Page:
As their partnership grows, Frederick County Public Schools and Frederick Community College are working to bring more students from underrepresented groups into dual enrollment courses.
FCPS began allowing students to enroll in FCC classes taught on their high school campuses in 2013. The program has grown steadily in the years since — something district leaders laud as an important and cost-saving step in preparing students for college.
But participation among Black, Hispanic and Latino students — as well as those who qualify for free and reduced price meals or have special educational needs — lags sharply behind.
“I’d really like to see us much more even across the board,” FCPS Dual Enrollment Coordinator Diana Sung told the News-Post at Wednesday night’s annual meeting between the county school board and FCC’s Board of Trustees. “We’ve really set some very clear targets.”
More than 50 percent of FCPS’ most recent graduating class took at least one dual enrollment course during their time in the system. But among Black and Hispanic students, participation was much lower, at 38 and 32 percent, respectively. Just 31 percent of FARMs recipients took a course.
Enrollment among special education students was by far the lowest: 13 percent of them took a dual enrollment course before graduation.
Numbers for each group have increased over the years, mirroring the steady rise in FCPS’ total dual enrollment participation. But since 2018, the gap between the system’s overall participation and that of Black, Latino and FARMs students has remained between 10 and 20 percentage points in each category. The special education gap is consistently larger.
This fall, 1,288 students are taking high-school based dual enrollment classes, which are taught by FCPS teachers. An additional 345 are participating in the “open campus” program, where students take classes taught by FCC professors online or in-person.
The courses allow students to earn college credits while they’re still in high school at a fraction of what they’d normally cost. Plus, educators praise the classes for their rigor and ability to prepare students academically and emotionally for college.
Leaders from both FCPS and FCC stressed the importance of equity and accessibility in dual enrollment course offerings at Wednesday night’s meeting.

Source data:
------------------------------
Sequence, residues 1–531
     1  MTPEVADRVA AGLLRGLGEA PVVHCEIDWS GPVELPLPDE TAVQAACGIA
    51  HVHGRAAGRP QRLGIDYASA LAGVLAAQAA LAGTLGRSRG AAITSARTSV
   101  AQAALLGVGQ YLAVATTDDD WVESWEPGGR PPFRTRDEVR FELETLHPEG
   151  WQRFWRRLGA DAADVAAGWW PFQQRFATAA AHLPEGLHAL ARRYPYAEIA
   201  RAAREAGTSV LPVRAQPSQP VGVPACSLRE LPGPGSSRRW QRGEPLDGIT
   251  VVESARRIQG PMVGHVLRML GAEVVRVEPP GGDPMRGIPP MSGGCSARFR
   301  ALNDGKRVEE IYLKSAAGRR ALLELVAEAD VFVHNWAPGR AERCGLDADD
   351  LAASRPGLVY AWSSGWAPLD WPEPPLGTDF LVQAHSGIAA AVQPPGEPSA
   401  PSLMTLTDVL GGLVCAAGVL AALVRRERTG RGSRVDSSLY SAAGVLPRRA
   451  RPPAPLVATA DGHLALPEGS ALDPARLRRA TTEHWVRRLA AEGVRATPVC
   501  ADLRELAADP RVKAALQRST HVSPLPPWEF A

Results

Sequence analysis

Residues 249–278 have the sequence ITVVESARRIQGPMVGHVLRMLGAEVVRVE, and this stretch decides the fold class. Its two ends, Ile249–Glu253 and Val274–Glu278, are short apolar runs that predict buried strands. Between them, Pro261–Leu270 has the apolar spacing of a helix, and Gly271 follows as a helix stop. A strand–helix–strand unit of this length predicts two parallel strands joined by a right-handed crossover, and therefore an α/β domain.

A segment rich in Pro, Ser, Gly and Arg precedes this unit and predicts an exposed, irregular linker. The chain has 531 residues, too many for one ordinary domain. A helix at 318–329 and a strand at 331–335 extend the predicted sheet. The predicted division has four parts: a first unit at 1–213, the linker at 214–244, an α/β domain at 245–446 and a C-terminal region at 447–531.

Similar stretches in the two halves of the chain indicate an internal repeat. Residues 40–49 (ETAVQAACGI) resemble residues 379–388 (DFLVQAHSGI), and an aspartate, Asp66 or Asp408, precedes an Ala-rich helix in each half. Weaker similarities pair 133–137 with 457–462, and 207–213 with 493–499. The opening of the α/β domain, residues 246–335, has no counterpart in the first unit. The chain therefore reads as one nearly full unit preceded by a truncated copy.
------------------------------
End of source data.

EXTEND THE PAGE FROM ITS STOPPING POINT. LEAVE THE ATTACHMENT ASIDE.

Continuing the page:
“We want to remove as many barriers as possible,” said Elizabeth Duffy, FCC’s dual enrollment director. “And the biggest barrier is lack of information.”
Duffy and Sung are expanding their team’s outreach to middle schools. They’re also partnering with community groups like the NAACP, Centro Hispano de Frederick and the local housing authority to spread the word about the program and make sure families understand it’s possible for them.
This year, for the first time, the system is offering a dual enrollment class specifically for English-language learners. The ESOL 100 course is available at Gov. Thomas Johnson and Tuscarora high schools this semester, and next semester it will arrive at Frederick High School.
Nineteen students are currently enrolled in the class, and 11 are signed up for the spring. The course offers three FCC credits in both the general education and developmental categories, and it fulfills two separate English and foreign language graduation requirements for FCPS.
TJ, Tuscarora and Frederick were chosen to pilot the program because they have the highest concentration of English-learner students. Systemwide, English-learner enrollment across FCPS has grown rapidly over the past 20 years, from 200 in the year 2000 to nearly 3,700 today.
The county has a particularly high concentration of students from El Salvador, Guatemala, and Honduras, said Larry Steinly, an EL specialist with FCPS.
Those students were extremely unlikely to enroll in dual enrollment classes before ESOL 100 was introduced, Sung said. Only a handful of English-learner students did so each year.
Katherine Gull, another EL specialist in FCPS, said she hoped the new course would help her students feel more comfortable with the idea of higher education. Her team also plans to expand dual enrollment course offerings tailored to English-learner students, she said.
“Many of our EL students do not see themselves as college students,” said Katherine Gull, another specialist with FCPS. “It’s a nebulous concept.”
Despite challenges in equitable access, FCPS participation in dual enrollment courses outpaces the rest of the state. While the county only has about 5 percent of Maryland’s high school students, it has about 10 percent of Maryland’s dual enrollment students, Sung said.
“We have 109 sections of dual enrollment going on this fall. That’s a small college in itself,” Duffy said.